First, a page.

Saturday, December 29, 2012


“Prowling his own quiet backyard or asleep by the fire, he is still only a whisker
away from the wilds.” – Jean Burden -

This world is a jungle where the ginger tabby roams free. He crosses my patio and pauses before St. Francis: an icon of celibacy in stone. Tabby looks into the expressionless face, searching for clues about keeping himself from roving around all night, spraying car tires, eating poisoned food, getting chased by wild dogs…he may as well be a black cat without any future. I see questions forming in his sly eyes: What is the secret in the stone heart that keeps St. Francis home at night, at peace with desire? Why do his arms embrace birds rather than chase them? A sparrow lights on the tonsured head, questions rising in the muggy air. Enough. The tabby lunges, toppling St. Francis, scattering the shards of piety.

Yellow tomcat and St. Francis
He isn’t nonplussed by his encounter with St. Francis. I’m seated in the chair by the living room window and see him strutting down the drive as if he has conquered his last objection to living the life of a bon vivant. He seems to belong to no one except the neighborhood at large. A block away, my daughter says he visits often, scratching at her back door because she has eight cats swinging from the rafters, draped on table tops, and sitting in the chairs I can’t sit on because I’m allergic to animal dander.

Tabby's a stately creature that I seldom see crouched in attack position or running after others. He just walks sedately past my window, always in command of the territory under my carport, which he has marked several times. I envy him his composure and lack of fear. Vets report that he's exposed to AIDS the same as careless humans are, and because of his dalliances, he could become a victim. Perhaps that’s why he seemed to be imploring St. Francis to tell him about celibacy. But, then, he did shatter the stony saint.

Three miniature dogs down the street yip at Tabby when he passes, but his disdain of the canines matches that of his composure. At night, he jumps on my rooftop and centers his body above my bedroom, thudding heavily to let me know that he regards my habitat as his territory. I’m startled into consciousness and run to the window to see if a branch has fallen or someone has thrown a shoe at him. I hear nothing but the hum of the refrigerator and see only the dark street. It’s 2 a.m., and he’s dancing on my rooftop. What’s up there? He dares me to come out and search for him, but I go back to bed, wishing he’d find a Mehitabel and create a family of his own, but he’d probably desert her just as the reincarnated cat poet, Francois Villon, did, and she’d drop her kittens in a rain barrel…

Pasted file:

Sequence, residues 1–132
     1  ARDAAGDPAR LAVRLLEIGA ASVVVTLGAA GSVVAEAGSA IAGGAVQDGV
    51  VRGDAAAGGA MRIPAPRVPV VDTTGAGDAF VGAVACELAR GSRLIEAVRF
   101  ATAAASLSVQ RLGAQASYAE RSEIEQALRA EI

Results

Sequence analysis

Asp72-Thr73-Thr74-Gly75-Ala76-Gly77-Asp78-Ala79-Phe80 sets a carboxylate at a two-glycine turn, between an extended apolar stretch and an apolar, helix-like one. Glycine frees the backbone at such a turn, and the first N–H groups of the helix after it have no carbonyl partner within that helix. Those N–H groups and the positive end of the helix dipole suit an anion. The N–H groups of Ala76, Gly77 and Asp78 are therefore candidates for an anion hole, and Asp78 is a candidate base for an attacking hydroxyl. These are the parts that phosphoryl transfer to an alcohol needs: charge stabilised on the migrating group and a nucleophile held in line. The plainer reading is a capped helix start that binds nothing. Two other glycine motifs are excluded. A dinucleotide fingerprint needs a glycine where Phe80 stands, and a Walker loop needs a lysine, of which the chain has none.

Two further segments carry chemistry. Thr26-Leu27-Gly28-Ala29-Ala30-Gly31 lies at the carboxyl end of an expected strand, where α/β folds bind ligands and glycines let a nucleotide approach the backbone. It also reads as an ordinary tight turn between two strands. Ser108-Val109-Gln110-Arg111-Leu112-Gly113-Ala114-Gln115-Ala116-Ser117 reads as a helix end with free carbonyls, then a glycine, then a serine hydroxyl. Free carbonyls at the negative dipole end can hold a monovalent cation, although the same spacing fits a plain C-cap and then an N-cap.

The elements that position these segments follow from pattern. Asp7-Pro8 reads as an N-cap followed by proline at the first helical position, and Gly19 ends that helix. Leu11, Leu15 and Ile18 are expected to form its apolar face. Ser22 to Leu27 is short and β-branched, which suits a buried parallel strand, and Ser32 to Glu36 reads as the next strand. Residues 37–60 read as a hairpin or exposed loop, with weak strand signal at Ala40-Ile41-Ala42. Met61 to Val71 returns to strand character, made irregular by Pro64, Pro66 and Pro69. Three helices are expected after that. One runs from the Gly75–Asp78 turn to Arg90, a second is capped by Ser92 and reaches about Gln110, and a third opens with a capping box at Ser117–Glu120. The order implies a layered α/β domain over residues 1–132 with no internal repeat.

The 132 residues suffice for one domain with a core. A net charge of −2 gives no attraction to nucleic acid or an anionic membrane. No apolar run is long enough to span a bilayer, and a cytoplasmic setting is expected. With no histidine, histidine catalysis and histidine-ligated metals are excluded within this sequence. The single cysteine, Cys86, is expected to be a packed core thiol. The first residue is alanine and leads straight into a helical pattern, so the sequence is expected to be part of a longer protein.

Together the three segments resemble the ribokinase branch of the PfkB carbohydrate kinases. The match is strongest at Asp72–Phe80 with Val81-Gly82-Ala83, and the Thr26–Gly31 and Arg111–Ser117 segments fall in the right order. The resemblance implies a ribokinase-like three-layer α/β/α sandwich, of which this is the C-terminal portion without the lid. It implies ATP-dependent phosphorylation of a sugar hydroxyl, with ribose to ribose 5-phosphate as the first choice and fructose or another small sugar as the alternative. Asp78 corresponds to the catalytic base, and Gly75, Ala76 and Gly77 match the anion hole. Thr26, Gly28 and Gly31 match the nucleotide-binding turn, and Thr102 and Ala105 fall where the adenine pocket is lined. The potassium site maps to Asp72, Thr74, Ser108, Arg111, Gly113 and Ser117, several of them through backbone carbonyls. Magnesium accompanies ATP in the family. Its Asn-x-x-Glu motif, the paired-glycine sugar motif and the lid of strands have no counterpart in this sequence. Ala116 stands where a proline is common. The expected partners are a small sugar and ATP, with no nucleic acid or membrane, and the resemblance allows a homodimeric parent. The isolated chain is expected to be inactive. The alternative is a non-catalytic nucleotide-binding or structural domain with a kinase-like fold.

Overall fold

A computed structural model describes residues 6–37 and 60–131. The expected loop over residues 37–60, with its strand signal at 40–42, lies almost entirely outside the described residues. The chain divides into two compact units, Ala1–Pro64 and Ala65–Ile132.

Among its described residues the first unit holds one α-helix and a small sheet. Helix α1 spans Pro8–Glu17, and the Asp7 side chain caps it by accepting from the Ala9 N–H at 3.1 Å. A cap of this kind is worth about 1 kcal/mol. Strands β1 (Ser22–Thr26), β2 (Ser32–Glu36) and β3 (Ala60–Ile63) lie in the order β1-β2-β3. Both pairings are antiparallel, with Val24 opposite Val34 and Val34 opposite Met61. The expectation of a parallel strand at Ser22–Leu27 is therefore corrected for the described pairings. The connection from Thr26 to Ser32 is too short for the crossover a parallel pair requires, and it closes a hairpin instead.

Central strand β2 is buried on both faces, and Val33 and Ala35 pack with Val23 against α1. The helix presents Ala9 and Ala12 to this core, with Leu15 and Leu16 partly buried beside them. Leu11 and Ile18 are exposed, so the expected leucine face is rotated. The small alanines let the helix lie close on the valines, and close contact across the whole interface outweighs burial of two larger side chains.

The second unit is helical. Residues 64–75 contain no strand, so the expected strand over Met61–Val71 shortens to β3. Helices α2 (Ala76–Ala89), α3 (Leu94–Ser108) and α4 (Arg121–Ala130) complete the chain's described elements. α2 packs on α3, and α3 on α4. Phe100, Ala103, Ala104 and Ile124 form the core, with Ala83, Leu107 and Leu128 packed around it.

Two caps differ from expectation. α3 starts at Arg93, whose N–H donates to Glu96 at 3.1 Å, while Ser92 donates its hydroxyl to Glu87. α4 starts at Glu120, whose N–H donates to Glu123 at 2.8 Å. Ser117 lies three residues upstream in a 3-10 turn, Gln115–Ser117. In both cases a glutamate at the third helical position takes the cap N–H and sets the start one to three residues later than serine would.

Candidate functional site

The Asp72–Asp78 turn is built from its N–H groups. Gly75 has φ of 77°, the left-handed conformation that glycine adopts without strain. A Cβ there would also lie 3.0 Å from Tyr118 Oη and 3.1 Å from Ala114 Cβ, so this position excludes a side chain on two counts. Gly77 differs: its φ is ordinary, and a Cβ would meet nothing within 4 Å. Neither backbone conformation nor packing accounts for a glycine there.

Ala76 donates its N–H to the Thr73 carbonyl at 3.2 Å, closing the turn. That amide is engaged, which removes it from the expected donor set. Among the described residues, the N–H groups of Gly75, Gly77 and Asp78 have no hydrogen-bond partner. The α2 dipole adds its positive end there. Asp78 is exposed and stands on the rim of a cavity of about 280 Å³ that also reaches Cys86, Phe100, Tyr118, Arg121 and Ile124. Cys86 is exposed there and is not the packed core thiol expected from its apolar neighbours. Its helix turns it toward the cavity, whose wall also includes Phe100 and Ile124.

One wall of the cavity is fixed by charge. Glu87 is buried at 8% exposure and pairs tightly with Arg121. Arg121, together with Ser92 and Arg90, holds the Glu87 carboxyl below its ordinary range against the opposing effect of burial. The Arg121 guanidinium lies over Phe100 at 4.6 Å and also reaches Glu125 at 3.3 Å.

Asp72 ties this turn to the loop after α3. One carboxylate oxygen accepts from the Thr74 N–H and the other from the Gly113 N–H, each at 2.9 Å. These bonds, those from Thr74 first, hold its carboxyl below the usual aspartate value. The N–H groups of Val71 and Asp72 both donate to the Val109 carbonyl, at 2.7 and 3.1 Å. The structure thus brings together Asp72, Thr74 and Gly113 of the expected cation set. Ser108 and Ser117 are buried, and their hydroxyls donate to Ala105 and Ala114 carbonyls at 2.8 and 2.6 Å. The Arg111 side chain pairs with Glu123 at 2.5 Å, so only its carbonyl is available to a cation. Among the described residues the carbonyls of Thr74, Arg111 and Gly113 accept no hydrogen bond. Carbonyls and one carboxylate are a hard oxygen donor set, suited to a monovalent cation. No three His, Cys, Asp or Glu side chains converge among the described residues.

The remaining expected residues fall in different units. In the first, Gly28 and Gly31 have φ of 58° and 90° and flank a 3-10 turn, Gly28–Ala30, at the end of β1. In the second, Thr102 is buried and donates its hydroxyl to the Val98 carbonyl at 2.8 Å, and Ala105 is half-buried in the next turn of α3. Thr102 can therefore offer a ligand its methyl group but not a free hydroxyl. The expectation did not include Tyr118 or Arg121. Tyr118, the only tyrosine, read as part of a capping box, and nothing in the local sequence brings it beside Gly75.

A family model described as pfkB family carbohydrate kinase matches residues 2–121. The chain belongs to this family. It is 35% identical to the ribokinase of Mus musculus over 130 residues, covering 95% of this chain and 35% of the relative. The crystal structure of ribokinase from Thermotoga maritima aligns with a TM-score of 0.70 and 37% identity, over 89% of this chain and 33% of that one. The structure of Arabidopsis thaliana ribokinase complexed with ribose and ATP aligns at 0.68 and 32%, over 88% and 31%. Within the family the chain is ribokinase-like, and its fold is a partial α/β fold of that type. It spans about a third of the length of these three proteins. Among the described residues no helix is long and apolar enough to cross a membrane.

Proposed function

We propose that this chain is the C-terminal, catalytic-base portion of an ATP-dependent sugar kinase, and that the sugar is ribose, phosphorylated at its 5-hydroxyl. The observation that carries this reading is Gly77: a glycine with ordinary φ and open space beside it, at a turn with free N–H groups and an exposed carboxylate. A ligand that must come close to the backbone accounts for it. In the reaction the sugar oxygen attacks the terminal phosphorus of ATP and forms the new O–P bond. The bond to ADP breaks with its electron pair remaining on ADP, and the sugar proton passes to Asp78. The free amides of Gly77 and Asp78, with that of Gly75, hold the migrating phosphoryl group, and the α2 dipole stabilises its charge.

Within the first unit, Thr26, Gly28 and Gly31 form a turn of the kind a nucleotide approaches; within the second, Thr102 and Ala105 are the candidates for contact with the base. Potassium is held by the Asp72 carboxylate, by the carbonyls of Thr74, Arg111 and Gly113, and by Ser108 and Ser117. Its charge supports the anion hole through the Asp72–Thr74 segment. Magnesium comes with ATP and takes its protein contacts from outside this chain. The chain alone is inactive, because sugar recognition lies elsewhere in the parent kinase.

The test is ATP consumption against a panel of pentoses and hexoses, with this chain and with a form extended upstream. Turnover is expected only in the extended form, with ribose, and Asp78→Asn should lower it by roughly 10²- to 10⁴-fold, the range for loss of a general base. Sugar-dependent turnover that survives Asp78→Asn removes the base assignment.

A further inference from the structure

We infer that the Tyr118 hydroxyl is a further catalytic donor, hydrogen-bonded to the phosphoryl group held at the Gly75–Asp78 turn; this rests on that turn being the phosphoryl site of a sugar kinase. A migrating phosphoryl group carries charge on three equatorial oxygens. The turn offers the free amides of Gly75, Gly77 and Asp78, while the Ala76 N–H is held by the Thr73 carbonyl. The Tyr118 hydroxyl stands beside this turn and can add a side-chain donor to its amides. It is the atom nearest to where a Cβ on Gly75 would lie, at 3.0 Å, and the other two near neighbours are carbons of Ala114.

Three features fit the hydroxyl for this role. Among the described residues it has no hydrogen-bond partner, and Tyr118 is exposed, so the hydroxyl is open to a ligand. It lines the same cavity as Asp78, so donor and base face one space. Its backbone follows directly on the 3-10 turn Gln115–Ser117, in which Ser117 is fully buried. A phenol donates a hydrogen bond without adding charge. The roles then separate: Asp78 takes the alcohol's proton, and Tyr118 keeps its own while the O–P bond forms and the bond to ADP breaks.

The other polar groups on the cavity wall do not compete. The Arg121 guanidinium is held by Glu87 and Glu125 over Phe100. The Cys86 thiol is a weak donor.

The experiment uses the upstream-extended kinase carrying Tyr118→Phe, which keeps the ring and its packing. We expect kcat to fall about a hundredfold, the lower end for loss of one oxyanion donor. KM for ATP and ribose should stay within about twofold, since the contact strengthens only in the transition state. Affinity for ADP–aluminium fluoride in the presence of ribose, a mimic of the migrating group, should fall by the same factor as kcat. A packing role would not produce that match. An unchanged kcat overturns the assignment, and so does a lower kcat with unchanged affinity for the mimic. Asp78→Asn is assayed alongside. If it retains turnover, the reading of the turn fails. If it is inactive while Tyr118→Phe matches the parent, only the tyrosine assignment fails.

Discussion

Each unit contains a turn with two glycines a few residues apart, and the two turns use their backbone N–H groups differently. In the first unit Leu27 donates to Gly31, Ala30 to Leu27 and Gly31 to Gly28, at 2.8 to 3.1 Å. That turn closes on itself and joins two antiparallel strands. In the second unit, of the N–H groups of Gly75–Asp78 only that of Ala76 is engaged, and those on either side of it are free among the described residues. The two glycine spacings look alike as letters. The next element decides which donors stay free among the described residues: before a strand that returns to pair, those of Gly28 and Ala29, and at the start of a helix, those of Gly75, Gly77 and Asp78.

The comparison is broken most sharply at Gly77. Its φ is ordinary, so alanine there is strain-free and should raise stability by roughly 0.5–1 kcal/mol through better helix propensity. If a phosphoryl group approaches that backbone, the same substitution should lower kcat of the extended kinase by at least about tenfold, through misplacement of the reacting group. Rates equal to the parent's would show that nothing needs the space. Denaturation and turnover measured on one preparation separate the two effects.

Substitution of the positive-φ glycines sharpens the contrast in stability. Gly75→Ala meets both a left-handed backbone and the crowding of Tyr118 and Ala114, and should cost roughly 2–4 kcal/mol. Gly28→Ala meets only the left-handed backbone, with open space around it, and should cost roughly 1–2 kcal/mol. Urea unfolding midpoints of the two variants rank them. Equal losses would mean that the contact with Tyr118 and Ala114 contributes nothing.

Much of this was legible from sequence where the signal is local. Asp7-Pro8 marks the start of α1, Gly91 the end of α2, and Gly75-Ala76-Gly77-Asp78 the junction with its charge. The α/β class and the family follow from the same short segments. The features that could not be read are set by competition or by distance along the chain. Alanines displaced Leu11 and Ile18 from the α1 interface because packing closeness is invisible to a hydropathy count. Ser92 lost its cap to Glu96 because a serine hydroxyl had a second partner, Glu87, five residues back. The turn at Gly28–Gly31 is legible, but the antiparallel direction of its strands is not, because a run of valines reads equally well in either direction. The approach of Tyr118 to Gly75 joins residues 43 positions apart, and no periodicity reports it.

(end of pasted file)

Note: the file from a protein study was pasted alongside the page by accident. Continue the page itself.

I receive an e-mail from Sewanee, Tennessee where I reside in the Spring and Summer: “Residents tell me tonight that they have confirmed there are three yellow cats in the area. Two have homes. The third is an unaltered male with claws intact. Very friendly, appears healthy and clearly wants his home. Will enter houses and doesn’t seem very afraid of dogs…” Could Tabby have gone East looking for my second home?

Tuesday, December 25, 2012


Nothing arouses an appetite so much as the smell of cornbread “dressing,” as we southerners call it, baking on Christmas Eve. On the day that the kitchen becomes the central room in the house, memories of my childhood Christmases spent in the old Victorian home of my grandmother Nell rise to my consciousness. I know it is Christmas, not by the scent of candles and evergreens, but by the mixed aroma of turkey fat and cornbread cooking!

Myriad recipes for dressing aka stuffing fill cookbooks: bread and oyster stuffing, bread with mushrooms stuffing, giblet stuffing, wild rice stuffing, sausage stuffing, chestnut stuffing…but no recipe can surpass the one for a good southern cornbread dressing, for which I have no written recipe. The ingredients and approximate measurements for dressing passed from my Grandmother Nell to my Mother Dorothy and then to me, and I think that most southern cooks probably don’t “go by” a recipe, they just put together a dollop of this, a dash of that, crumbling and pouring, mixing and baking to produce this quintessential dish that complements a baked turkey.

My good friend Janet, who was born and bred in southeast Alabama (the heart of red dirt country), talks about that cornbread dressing, as well as other southern delicacies in her charming book entitled Road Home, which emerged a few years ago from folders she had labeled, “Things to Think About.” The last chapter in the book is entitled “The Road Home,” and is a delightful chapter about holiday food, including a few sentences about having dinner with friends at Chapel Hill one Thanksgiving and being forced to partake of Mushrooms Berkeley as the main dish, a food swimming in what she calls a “dark, brooding sauce…”